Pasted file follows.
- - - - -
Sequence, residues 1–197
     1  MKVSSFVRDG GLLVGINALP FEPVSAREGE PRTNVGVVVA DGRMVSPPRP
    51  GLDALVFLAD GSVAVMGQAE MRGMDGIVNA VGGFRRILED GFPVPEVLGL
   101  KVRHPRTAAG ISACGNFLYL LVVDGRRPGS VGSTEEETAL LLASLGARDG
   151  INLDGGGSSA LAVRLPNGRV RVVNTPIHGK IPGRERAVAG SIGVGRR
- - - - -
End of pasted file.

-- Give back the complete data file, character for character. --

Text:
Sequence, residues 1–197
     1  MKVSSFVRDG GLLVGINALP FEPVSAREGE PRTNVGVVVA DGRMVSPPRP
    51  GLDALVFLAD GSVAVMGQAE MRGMDGIVNA VGGFRRILED GFPVPEVLGL
   101  KVRHPRTAAG ISACGNFLYL LVVDGRRPGS VGSTEEETAL LLASLGARDG
   151  INLDGGGSSA LAVRLPNGRV RVVNTPIHGK IPGRERAVAG SIGVGRR